Max Verstappen is optimistic he is in a strong position to defend his Formula 1 world title this season, but he and his Red Bull team are expecting a much stronger challenge from Mercedes and Ferrari.
Red Bull team principal Christian Horner also stressed that the right of drivers to express themselves must be maintained after the FIA announced a ban on political statements, with Horner stating: “We don’t want a load of robots with no opinions. go running.
Related: Ford will return to Formula 1 from the 2026 season with Red Bull
Verstappen was speaking at the launch of Red Bull’s livery for their 2023 RB19 in New York, where the team also announced their upcoming partnership with Ford. The manufacturer will return to F1 in 2026 as Red Bull’s engine partner in the team’s recently established Red Bull Powertrains division. The team set up its own engine manufacturing division when Honda left the sport in 2021.
Verstappen dominated the season in 2022, winning 15 of 22 races and taking the title in Japan with four to go, while his teammate, Sergio Pérez, took two victories. However, the world champion has played down Red Bull going into the season as favourites.
“I don’t think I’m the favourite, you have to keep working and improving,” he said. “If you’re not, they’ll catch up and outrun you. As a team we keep trying to find performance and we want to keep winning, that’s why we are in F1. We are obviously optimistic, but we have to keep working.”
The RB18 was the class of the course last year, but the team had wind tunnel development time deducted before this season was caught for breaching its 2021 budget cap. Sporting punishment, a reduction in 10%, was announced last year.
Horner expects a much closer fight this season. “This year is going to be a lot tougher, a lot tighter,” he said. “The regulations are relatively stable, the grid will converge, we have some very capable rivals, so I expect it to be a lot more competitive. All we can do is focus on trying to get the best out of our abilities.”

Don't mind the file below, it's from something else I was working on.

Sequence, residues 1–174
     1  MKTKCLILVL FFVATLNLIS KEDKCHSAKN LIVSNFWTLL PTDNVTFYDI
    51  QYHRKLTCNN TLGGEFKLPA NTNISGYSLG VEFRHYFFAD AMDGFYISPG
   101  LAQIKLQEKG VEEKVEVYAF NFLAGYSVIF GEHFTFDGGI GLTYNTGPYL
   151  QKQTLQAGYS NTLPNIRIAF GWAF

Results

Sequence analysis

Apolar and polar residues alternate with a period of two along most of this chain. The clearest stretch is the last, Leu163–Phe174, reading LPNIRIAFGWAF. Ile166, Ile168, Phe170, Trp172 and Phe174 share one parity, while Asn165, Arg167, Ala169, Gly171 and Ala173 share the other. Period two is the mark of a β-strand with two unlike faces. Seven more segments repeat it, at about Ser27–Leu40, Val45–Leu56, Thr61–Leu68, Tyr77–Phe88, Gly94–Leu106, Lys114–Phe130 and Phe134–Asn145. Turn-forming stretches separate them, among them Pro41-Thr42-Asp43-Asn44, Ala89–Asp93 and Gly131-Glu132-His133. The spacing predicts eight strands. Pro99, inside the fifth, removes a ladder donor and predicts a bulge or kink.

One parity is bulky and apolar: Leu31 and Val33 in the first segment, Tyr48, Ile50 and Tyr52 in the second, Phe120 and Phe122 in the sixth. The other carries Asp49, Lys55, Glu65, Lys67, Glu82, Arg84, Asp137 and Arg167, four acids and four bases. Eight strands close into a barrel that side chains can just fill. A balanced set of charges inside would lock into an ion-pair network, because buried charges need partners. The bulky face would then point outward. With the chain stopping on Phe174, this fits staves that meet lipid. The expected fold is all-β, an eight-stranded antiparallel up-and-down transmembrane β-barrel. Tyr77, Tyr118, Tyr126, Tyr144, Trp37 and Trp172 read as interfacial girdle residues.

In December last year, the FIA updated its sporting code, prohibiting drivers from making “political, religious or personal” statements or comments without authorisation. The decision came after drivers, especially Lewis Hamilton and Sebastian Vettel, were increasingly vocal on issues of racism, diversity and the environment. In 2020, Hamilton wore a T-shirt commemorating Breonna Taylor, the black woman killed in his home by police in Kentucky. It stated: “Arrest the cops who killed Breonna Taylor” and the incident prompted a review of the regulations by the FIA.
The governing body’s crackdown on the matter has been criticized by drivers and teams and is believed not to have been welcomed by F1 owners. Horner felt that the FIA needed to ensure a middle ground where drivers could express themselves.
“We at Red Bull have never prevented our drivers from having the freedom of speech or the freedom of their opinions or their ability to express what they think,” he said. “They have a voice. It’s about finding a balance. Everyone has a voice and this should not be suppressed, but it must be done responsibly.
Related: F1 teams have veto right over new grid entries, FIA confirms
Verstappen fought tooth and nail with Hamilton for the title in 2021, decided in controversial circumstances at the season finale in Abu Dhabi. However, last year, under the new regulations, Mercedes produced an uncompetitive, pace-struggling car with serious relocation problems for the first half of the season. Hamilton failed to win a race in a season for the first time in his F1 career. He had five second-place finishes and his teammate, George Russell, took his first and only team win in Brazil.
Mercedes are optimistic, they have solved the problems with their car and will be able to challenge. Hamilton’s contract with the team ends this year, but he is widely expected to stay in F1 on a multi-year deal at Mercedes. The team will launch its car at Silverstone on 15 February, with the season opener in Bahrain on 5 March.